Much of this August, like last, our state was shrouded in smoke. This pervasive blanket of ick turns the sun red; obscures line of sight; gives an eerie light to every waking hour; keeps people inside on the warmest days of summer; and motivates those with existing respiratory problems to wear surgical masks. It’s weird and disturbing and smells simply gross.
There are types of smoke (wood stove, campfire, BBQ grill) that are cheerful and mood-enhancing. This is not that.
“Howevuh…” it is simply collateral damage to the real, big bugaboo: forest fires raging in Canada and Eastern Washington that resulted in our miserable environment. I kept slapping myself mentally, reminding myself that there were hundreds of thousands of folks in those areas dealing with an actual problem, as opposed to our inconvenience.
I’ve been pondering how this so often defines my world. Jesus talks about it in Matthew 6, saying “do not be anxious about tomorrow, for tomorrow will be anxious for itself. Sufficient for the day is its own trouble.” I, friends, borrow trouble for a living. I can’t tell you how many minutes, hours, and days I allow to be obscured, to feel the light dimmed, to keep me from experiencing all the joy my Father has for me… all because I sense smoke from a distant fire. That distant fire might be what’s happening to others (as in the real situation of the forest fires) but more likely, it’s my imagination conjuring up what could happen to me and mine in the future. The smoke from that distant fire dims, chokes, and inhibits my productivity, my desire to bless others, and my joy. It looks gross, and it certainly doesn’t pass the smell test.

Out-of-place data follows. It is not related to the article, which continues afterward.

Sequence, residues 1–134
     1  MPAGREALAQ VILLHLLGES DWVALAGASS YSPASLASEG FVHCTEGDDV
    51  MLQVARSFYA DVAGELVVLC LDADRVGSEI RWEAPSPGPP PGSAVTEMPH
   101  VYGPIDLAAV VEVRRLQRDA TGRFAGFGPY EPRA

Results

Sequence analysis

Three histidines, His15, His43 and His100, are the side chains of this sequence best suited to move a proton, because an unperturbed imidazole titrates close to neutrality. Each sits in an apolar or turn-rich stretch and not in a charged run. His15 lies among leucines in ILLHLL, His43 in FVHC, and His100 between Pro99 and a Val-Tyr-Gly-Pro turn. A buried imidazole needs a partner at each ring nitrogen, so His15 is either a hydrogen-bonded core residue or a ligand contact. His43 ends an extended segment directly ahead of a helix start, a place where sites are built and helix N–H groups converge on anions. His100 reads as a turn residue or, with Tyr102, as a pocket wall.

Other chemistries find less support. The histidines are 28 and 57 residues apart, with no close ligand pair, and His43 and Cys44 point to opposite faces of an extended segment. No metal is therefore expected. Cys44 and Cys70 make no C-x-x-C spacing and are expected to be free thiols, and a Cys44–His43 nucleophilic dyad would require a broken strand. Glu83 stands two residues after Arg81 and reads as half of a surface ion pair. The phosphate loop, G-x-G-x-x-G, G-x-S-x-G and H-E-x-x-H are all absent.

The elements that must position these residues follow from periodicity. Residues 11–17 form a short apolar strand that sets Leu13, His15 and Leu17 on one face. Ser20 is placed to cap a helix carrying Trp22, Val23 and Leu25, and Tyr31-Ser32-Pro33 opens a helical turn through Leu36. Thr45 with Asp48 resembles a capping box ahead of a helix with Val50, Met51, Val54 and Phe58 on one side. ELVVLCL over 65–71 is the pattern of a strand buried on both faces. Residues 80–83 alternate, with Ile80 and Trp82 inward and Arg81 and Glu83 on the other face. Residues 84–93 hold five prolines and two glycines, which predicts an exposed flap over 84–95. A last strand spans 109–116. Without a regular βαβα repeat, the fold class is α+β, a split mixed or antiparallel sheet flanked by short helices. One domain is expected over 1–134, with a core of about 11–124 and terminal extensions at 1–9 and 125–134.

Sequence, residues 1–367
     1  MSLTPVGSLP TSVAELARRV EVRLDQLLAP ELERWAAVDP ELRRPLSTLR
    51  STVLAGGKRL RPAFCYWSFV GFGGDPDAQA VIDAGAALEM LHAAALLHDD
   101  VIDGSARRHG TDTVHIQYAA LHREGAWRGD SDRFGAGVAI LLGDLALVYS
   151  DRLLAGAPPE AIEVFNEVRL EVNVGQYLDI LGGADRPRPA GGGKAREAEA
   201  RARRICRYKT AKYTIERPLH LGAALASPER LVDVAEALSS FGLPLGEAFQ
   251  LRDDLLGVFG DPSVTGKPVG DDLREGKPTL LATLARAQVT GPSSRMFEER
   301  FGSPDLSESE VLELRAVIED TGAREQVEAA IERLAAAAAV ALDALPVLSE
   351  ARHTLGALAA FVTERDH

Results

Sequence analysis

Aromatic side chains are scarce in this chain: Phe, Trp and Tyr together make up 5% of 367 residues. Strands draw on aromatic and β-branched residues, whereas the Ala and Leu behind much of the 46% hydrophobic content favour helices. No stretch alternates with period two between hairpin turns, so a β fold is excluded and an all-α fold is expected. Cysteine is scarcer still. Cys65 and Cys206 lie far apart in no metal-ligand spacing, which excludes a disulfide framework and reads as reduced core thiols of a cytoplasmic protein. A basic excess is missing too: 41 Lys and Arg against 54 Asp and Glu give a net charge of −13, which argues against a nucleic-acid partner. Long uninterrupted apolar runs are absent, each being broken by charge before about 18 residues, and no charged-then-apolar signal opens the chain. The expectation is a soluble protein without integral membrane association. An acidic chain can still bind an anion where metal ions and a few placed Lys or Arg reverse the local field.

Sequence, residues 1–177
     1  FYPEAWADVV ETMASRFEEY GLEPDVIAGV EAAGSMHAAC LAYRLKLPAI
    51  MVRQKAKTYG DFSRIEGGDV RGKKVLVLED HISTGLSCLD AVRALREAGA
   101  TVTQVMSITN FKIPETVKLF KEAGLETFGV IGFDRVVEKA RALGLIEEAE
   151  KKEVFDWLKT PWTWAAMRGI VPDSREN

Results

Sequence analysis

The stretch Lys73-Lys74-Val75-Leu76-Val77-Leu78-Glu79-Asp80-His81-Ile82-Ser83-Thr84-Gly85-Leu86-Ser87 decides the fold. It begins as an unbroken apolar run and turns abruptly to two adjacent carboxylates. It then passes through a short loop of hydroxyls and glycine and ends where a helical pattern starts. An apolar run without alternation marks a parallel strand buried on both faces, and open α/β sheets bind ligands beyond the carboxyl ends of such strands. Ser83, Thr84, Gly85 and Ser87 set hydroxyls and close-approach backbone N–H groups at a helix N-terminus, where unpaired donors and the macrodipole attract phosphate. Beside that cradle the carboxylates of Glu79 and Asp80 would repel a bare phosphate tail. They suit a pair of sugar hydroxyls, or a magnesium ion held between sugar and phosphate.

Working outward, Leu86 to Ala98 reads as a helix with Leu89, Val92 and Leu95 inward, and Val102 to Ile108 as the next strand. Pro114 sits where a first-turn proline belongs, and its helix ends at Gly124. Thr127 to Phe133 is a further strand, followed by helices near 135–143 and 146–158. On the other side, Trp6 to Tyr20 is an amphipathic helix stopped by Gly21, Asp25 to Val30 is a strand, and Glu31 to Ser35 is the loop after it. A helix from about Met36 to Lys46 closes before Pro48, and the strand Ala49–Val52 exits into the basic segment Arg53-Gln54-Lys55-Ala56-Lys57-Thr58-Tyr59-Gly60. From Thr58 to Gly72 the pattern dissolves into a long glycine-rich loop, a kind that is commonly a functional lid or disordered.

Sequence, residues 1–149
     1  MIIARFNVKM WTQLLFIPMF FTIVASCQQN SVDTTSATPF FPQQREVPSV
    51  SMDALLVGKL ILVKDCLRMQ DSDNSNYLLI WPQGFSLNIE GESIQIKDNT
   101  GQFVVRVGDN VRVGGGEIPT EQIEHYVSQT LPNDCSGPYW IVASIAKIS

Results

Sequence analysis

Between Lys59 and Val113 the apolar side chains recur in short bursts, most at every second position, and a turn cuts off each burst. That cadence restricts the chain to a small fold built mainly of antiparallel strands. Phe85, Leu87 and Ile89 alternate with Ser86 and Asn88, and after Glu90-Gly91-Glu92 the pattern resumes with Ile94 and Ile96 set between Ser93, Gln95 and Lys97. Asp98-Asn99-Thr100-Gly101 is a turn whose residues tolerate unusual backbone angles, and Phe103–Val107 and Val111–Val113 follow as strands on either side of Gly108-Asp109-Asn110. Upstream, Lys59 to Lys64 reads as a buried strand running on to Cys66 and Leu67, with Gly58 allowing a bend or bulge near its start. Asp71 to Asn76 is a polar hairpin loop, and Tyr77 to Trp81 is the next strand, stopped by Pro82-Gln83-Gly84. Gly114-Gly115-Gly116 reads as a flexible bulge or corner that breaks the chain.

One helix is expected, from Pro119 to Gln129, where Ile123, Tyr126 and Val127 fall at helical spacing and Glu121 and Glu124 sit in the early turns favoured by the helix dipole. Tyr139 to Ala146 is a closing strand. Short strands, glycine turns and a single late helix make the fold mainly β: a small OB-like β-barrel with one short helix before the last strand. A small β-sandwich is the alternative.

This smoke might look like a lot of things:
- fear for what could happen to my people (this is the most pervasive)
- fear for finances
- worry about how my actions might be perceived by others
What is common to all these worries is that I can wallow in them before anything ever really happens. Letting myself choke on the distant fire, the remote possibility of trouble, is not just foolish but is self-destructive. God knew what He was doing (imagine that, a Designer understanding His workmanship) when He in Jesus encouraged us not to be anxious about tomorrow.
Either wind or rain can help dispel the smoke of a distant fire. It may be a bit too cute to say that the Spirit of Jesus is referred to in Scripture as like a rushing wind, and of course we know that our Jesus is our Living Water. Moses speaks to Israel in Deuteronomy 32:
“Give ear, O heavens, and I will speak,
and let the earth hear the words of my mouth.
2 May my teaching drop as the rain,
my speech distill as the dew,
like gentle rain upon the tender grass,
and like showers upon the herb.
3 For I will proclaim the name of the Lord;
ascribe greatness to our God!
Proclaiming and hearing the truth about God’s greatness and His faithful love to me is like rain to my soul. Choosing to pour down truth on my situation has actually begun to make a difference as I am tempted to experience fear and borrow trouble.
Literal smoke coating the air is not pleasant, but I can do nothing about it. Only God can send the wind and rain necessary to make it exit stage left. True, too, of my heart. Only God can send His wind and rain to clear the air, help me breathe, and bring me joy. All I have to do is make room for Him to do His thing.